to glance up at the windows, wondering which one was his. Was it the one in the far corner of the house, overlooking those out of control bushes on the lawn? Was it in the back of the house where I couldn’t see? Or was it the one on the second story, the lone window. . .where Carson was now staring at me!

I saw his sheepish face and he lifted his hand in greeting. Chewing my lip, I halfheartedly waved back. I was going for a casual wave, but instead, I managed to look like my wrist was having a spasm and my hand was flapping like a duck’s wing.

My face flushed as I quickly averted my eyes from his gaze.
Oh my God! I hope he didn’t think I was looking for him.
As tempted as I was to look back, I resisted. Instead, I tucked my chin to my chest and practiced for speed-walking team tryouts, wondering if he was still watching me.

Carson and I lived about three blocks apart. By the time I got home, I was sweaty and red-faced; partially because of the heat and partially due to my embarrassment of being seen by him. I walked into our living room to find my mama on the frigging laptop again. They say
generation is completely dependent on and obsessed with technology? Ha! Mama was a hundred times worse than any teenager I know; she was totally addicted to her laptop.

“Hi, Mama,” I called out as I headed to the kitchen. My throat was scratchy, parched from the heat. I needed some water ASAP.

When I was nine and we had just moved here, I passed out after playing outside all day and ended up in the hospital. My mama had wrung her hands like a nervous wash woman and she paced back and forth next to my bed in the emergency room while they pumped me full of fluids to restore me to health. Mama was normally overprotective and worries too much, but I had never seen her that anxious before. I was all she had and she was all I had essentially, so we tended to take care of each other, our relationship a little different from most mothers and teenage daughters. That’s not to say she couldn’t be a giant pain in the butt with her smothering nature. Mama was constantly loving on me like I was five years old, and while it was nice to know you were loved, it could be a bit much, especially when you were fifteen years old and practically a woman. But I had to keep reminding myself that I was pretty much my mama’s only human contact on most days, so I needed to be more tolerant of her idiosyncrasies, as many as there were.

“Hiya, baby,” Mama called out to me from her perch in the living room. “You too old to kiss your mama or something?’ This was her usual response when I said hi after strolling in, but today, her voice sounded strained and uncomfortable. Maybe she was getting sick or something.

“I’ll be there in a minute!” I called back. “You want anything while I’m in the fridge?”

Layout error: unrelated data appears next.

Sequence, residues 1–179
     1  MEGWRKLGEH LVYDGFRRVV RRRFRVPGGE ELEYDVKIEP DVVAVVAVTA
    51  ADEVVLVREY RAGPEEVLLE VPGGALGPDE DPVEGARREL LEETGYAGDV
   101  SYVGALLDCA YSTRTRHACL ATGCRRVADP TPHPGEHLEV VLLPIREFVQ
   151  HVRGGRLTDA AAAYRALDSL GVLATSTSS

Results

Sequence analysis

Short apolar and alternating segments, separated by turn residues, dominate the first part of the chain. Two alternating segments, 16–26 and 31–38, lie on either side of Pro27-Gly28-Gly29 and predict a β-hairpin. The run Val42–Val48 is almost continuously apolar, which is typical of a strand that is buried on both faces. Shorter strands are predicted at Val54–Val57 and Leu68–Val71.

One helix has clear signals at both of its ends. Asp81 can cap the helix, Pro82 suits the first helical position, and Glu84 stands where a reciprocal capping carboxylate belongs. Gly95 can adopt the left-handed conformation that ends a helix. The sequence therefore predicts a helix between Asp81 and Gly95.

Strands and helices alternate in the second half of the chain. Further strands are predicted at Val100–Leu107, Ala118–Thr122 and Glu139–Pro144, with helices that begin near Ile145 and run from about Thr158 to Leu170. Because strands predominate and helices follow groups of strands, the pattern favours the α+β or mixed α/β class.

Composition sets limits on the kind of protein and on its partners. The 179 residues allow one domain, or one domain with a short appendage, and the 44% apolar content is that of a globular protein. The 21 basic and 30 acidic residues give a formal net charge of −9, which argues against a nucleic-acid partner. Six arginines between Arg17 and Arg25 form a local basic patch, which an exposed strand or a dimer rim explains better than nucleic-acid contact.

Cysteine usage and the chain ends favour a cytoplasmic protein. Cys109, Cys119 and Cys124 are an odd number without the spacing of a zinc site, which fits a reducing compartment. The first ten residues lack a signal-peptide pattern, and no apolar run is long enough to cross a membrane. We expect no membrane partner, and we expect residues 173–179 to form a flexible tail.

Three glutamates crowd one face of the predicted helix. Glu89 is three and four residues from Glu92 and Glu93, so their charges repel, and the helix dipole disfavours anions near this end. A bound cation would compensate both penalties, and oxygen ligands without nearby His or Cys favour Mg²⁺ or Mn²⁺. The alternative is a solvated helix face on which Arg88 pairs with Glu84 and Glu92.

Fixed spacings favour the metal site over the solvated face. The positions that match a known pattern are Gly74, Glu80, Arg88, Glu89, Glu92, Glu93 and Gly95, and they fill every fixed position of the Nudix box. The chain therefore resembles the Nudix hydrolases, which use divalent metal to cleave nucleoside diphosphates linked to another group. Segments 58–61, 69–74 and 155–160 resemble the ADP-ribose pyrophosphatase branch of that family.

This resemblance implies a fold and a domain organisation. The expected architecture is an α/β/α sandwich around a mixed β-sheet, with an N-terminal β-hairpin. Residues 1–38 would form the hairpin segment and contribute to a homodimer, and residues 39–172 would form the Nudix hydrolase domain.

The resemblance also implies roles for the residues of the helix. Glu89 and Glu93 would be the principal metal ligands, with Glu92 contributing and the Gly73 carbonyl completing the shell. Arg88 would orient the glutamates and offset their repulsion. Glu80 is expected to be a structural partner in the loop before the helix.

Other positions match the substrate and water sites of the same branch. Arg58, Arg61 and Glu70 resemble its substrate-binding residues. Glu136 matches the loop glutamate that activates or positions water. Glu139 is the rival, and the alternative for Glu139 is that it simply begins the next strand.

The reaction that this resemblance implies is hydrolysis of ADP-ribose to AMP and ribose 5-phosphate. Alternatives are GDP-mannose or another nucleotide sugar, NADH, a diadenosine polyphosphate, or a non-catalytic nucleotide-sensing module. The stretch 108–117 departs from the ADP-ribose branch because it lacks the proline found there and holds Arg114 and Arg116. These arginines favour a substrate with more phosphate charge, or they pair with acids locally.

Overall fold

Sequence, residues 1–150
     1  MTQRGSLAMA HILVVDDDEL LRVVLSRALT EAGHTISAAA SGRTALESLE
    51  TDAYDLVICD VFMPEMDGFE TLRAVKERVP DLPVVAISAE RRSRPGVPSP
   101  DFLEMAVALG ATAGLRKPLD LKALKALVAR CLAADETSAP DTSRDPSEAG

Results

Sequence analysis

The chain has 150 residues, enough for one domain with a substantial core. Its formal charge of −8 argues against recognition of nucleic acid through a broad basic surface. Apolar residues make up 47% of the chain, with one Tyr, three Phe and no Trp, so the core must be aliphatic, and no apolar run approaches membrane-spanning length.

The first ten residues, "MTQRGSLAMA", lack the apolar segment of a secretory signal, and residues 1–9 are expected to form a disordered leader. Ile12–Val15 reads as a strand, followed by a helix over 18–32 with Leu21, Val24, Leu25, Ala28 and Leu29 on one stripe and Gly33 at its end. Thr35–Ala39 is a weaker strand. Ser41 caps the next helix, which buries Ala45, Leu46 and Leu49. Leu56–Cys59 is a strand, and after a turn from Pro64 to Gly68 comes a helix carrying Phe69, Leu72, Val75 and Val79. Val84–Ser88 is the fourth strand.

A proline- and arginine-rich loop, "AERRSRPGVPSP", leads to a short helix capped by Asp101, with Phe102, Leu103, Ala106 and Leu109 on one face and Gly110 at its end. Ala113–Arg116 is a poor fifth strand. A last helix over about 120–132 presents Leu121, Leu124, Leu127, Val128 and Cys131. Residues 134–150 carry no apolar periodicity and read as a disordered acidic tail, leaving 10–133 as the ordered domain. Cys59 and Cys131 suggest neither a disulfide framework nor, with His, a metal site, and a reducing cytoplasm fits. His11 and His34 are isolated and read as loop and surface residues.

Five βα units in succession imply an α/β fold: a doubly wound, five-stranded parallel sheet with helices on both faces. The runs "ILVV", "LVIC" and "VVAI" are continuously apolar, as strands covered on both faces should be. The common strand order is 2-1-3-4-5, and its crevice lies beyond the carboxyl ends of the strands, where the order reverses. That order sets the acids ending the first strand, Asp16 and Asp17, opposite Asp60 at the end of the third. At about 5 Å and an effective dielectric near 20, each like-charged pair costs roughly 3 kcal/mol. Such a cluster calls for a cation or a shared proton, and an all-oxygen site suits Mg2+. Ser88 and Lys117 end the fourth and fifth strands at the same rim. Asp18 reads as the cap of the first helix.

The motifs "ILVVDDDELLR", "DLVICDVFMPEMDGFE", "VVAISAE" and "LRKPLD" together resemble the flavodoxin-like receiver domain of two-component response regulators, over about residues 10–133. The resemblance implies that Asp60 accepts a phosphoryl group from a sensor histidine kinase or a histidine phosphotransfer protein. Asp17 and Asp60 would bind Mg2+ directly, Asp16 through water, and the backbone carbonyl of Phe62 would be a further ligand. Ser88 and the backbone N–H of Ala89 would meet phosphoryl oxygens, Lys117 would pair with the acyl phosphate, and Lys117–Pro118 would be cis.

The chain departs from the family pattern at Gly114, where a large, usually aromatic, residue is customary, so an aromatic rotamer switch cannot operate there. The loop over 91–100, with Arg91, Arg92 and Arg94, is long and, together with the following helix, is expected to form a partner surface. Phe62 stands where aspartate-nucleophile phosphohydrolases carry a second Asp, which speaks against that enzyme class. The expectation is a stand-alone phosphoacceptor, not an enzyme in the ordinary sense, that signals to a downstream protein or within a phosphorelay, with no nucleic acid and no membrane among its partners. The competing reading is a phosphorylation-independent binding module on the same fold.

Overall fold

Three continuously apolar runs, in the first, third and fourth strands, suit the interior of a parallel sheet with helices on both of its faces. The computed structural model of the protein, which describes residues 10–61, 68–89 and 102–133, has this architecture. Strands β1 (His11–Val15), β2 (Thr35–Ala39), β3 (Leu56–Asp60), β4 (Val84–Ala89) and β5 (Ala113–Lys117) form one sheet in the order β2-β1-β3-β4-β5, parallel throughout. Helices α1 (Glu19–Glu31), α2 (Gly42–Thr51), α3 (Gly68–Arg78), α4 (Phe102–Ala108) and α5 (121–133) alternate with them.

“Only if you’ll bring me a sweet piece of Kennedy pie,” Mama called back.

I rolled my eyes again and made a gagging motion, even though nobody was there to witness my mama’s obnoxious display of affection, or my reaction to it. I guess your parents embarrass you no matter what when you’re a teenager, even if there’s nobody around to see it. There’s just no way around it.

I walked back into the living room quickly, albeit reluctantly. I was now going to have to give my mama a blow by blow description of my day, and in turn, I’d be bored to tears with her description of her day, which probably included looking up recipes online and taking endless quizzes on Buzzfeed. I had no idea how doing nothing could fill an entire day, but my mama seemed to achieve it daily.

Despite Mama never leaving the house to go to work, we somehow had money to survive. I assumed that Mama had gotten insurance money when Daddy died, but I had wasn’t sure how we managed to stay afloat for all these years on what had to be a piddling amount. Unless he had a million dollar life insurance policy, there was no way we were living in this nice house, in this nice town for so long without Mama working. I wondered if Mama Grace sent her money or something, but I never dared to ask. Mama had hushed me angrily the last time I brought up Mama Grace and what I affectionately refer to as “our former life,” telling me we couldn’t talk about that any more.

“How was your day, Mama?” I asked, plopping down on our ugly rose-patterned couch that had come with the house, bottle of water in my hand. As I unscrewed the cap and leaned back, Mama slammed the laptop closed and offered me a strained smile.

“Great!” she replied, voice just a little too chipper. “Just wonderful. Isn’t it a beautiful day?”

I stared at her for a second, my eyebrows slightly raised in reaction to her unnaturally high-pitched voice. “You sure you’re okay, Mama?” I asked, pressing the back of my hand against her forehead in a teasing manner, just like she would do when checking me for a fever.

Mama jumped to her feet. “Of course I’m okay, Sweetpea!” she tittered in a nervous voice, acting like a teenager with a crush or something.

BOOK: The Dead of Summer
8.23Mb size Format: txt, pdf, ePub